Within the activities programmed to achieve this project, the workshop was aimed at young people between the ages of 9 and 16. This got a very positive response from them after working on the book quoted above from the “La Carta de los Comunes” [2]. With this, they were able to understand the importance of greater participation and allowed to spring up in them a sincere interest for the care of our goods.


In the development of this project, a positive response was observed from the members of the community to get involved in decision-making. This was proven in the workshops held, such as the furniture-manufacturing workshop, in which the young people were willing to collaborate and thus they were even more incentivized to preserve these goods, since they were involved in the design process as well as manufacturing, manifesting feelings of appropriation on his part.

This type of activities developed together with the neighbors, generate a tangible impact on the communities, since that attitude arouses the interest of other nearby communities, making it replicate and have an impact at the country level, and at a global level as part of the LabGov program, which aims to be a network of local efforts as the ultimate goal of these actions.

As an added value, in the case of this urban laboratory in the Community of Cedros, it was intended from the beginning to strengthen and promote self-management and not the resolution of a specific problem by external actors. Therefore, the necessary tools were provided for any citizen to be able to repeat or adapt the models proposed in this prototype, through an open technical manual and editable 3D files, accessible to anyone who requires it, within the framework of the Creative Commons concept.

It is very important for urban life to achieve coexistence among its citizens through the use of public spaces that the city offers us. However, the urban space by itself does not work, because it needs to be thought for and by the citizens, used and cared for by them in a continuous and organic way. For this reason, academic interventions are not an achievement but a stimulus to revitalize these spaces as social nodes.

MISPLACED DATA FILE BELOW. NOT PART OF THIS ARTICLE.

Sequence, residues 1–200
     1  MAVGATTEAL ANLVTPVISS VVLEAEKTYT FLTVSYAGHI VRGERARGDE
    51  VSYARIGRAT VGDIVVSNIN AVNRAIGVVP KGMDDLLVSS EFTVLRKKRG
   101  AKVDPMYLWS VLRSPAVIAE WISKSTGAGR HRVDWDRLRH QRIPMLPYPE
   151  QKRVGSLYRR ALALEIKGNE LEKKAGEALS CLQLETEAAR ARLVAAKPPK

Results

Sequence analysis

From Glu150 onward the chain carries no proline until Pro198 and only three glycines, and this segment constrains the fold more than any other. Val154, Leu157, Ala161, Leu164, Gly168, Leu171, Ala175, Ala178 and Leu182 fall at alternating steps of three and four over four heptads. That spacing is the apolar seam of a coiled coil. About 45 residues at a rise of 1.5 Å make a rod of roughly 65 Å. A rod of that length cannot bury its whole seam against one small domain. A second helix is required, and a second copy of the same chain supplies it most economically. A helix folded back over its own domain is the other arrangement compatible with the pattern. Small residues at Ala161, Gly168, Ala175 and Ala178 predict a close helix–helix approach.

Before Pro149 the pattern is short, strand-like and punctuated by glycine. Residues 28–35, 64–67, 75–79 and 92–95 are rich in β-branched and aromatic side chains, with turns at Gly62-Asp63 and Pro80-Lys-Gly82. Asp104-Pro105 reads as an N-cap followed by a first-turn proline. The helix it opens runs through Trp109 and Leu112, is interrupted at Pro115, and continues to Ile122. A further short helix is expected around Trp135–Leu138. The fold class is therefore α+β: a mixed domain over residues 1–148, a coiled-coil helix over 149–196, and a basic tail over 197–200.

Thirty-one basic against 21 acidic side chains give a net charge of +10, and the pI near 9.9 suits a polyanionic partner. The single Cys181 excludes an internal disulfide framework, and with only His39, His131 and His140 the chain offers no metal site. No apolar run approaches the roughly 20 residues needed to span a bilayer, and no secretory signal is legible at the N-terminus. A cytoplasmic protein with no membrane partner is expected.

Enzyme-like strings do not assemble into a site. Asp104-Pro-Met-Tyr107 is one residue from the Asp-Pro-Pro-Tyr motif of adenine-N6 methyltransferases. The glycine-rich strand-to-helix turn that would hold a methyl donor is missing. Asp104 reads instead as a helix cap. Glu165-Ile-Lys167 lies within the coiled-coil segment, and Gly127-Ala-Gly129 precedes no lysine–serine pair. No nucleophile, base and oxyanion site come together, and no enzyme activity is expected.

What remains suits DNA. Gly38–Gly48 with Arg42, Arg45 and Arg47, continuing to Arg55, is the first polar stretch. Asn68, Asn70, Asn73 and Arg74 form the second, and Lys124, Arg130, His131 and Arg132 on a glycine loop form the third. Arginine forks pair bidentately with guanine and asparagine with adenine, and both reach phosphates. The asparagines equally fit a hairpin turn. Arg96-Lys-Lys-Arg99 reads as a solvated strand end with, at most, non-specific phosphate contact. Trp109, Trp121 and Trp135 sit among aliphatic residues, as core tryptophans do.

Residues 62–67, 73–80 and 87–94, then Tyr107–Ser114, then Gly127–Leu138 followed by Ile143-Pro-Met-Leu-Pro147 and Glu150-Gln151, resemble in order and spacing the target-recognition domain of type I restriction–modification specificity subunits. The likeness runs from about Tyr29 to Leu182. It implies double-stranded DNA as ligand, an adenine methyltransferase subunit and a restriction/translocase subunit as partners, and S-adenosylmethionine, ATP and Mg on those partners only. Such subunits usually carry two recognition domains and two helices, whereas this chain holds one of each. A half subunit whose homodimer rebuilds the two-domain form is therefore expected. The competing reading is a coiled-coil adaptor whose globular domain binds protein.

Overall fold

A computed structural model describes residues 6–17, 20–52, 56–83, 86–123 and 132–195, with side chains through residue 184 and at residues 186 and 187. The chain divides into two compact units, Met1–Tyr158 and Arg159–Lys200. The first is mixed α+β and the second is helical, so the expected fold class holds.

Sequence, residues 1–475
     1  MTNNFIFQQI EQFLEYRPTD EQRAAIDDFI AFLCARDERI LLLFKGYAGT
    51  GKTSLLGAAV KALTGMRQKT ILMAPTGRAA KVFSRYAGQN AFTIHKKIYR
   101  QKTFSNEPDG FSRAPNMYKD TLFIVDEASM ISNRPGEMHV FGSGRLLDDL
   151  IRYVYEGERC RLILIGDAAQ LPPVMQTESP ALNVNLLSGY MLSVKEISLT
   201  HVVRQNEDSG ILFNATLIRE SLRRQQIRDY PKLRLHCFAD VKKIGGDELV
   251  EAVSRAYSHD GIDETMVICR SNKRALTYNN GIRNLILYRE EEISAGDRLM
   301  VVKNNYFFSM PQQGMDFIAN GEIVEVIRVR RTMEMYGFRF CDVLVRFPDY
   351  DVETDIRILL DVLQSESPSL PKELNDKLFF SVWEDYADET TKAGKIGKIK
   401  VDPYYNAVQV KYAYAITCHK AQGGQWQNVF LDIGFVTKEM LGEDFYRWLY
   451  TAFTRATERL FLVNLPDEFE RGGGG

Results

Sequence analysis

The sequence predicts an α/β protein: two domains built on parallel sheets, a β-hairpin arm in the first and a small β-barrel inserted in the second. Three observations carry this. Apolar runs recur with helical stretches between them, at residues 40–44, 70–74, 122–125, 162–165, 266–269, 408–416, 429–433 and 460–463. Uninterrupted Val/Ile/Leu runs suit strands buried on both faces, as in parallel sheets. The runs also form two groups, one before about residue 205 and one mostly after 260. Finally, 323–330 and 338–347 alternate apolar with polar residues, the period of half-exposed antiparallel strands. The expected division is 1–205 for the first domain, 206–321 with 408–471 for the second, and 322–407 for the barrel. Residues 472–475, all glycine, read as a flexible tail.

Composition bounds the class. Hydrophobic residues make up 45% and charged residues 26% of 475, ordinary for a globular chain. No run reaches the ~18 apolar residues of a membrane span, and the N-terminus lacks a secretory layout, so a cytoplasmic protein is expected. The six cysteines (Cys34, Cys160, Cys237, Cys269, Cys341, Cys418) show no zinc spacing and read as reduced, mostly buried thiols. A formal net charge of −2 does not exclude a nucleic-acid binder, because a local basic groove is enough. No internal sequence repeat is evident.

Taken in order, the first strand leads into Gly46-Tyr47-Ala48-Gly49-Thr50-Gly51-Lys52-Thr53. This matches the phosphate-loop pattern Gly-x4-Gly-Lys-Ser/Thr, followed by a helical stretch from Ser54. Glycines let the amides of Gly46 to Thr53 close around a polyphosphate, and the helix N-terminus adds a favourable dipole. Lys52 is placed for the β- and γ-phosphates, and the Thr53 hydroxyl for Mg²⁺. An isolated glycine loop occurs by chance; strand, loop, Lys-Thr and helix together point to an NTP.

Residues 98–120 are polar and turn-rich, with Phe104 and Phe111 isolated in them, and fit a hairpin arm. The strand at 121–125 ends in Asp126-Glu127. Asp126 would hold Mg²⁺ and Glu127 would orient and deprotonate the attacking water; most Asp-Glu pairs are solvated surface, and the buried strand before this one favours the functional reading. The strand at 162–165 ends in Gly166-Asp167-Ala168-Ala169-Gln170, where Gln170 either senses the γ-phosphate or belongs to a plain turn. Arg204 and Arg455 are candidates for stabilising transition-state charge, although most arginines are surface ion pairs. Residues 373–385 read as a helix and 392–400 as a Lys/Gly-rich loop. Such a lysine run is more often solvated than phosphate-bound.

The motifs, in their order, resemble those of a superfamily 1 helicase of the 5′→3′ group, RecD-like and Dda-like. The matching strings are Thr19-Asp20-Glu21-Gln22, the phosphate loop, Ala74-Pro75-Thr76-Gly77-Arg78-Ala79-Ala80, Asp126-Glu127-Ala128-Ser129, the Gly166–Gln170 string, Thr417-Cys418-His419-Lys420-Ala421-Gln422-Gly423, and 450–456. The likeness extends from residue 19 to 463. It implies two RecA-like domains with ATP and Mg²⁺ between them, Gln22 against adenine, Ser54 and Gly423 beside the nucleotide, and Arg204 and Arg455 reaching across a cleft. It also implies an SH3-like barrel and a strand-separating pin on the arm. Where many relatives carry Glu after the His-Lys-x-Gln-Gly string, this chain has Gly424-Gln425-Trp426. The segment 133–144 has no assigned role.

In Costa Rica, despite the renowned democratic culture, people still need to be empowered on the subject of civic rights and duties, and to become active and participatory members of the city’s spaces [3]. This is achieved through the management, methodologies and tools of citizen participation, which give a reason of real use to those spaces. The development of this management was done in coordination between the Creative Campus of the Latina University of Costa Rica, the Cedros Integral Development Association of Montes de Oca and Plataforma de Integración Ciudadana, thanks to the participation of the community and organized groups as the Guides and Scouts of Costa Rica.

The LabGov program of Costa Rica seeks to involve the students of urban design courses in a process of research and extension in order to experience and understand processes of innovation in urban design, not limited to the drawing stage but to processes of co-design management. This not only in order to achieve a broad citizen participation and create an urban awareness of care and maintenance of the urban commons, but also to understand the students as qualitative researchers and community stakeholders, which can – and should – be involved in social projects.


1 Linebaugh, P. (2013). El Manifiesto de la Carta Magna, Comunes y libertades para el pueblo. Madrid: Traficantes de Sueños.

2 (2011). La Carta de los Comunes, Para el cuidado y disfrute de lo que todos es. Madrid: Traficantes de Sueños.

3 PNUD. 2013. Informe Nacional sobre Desarrollo Humano 2013, Aprendiendo a vivir juntos: Convivencia y desarrollo humano en Costa Rica. San José, C.R.: Programa de las Naciones Unidas para el Desarrollo – PNUD Costa Rica, p. 233-235.




Como parte del programa de investigación y extensión LabGov para Costa Rica, los estudiantes de Arquitectura de la Universidad Latina continúan aplicando los conceptos de bienes comunes a la ciudad, colaborando con la comunidad del barrio Cedros, en San Pedro de Montes de Oca, una área de la capital de Costa Rica, San José.

El proceso que se llevó a cabo en los primeros meses del 2018 comenzó con la realización de un análisis de la comunidad, seguido por el planteamiento de objetivos y cronograma de actividades a llevar a cabo como laboratorio y como talleres. El proyecto pudo realizarse gracias a la ayuda de la comunidad y también del grupo Scouts de la zona. Dando comienzo a la investigación se realizaron encuestas y charlas con el fin de tener información más acertada para proyectar las necesidades. La mejor opción era involucrar a la comunidad alrededor del espacio de convivencia que le pertenece y es parte de su rutina diaria: el parque barrial y el salón comunal.

Como resultado de las actividades realizadas, se determinaron ciertos problemas en la comunidad, específicamente en el sector cercano al Salón Comunal y a la Escuela de Cedros, que, efectivamente como se había observado en la primera etapa, son las zonas más utilizadas por los vecinos.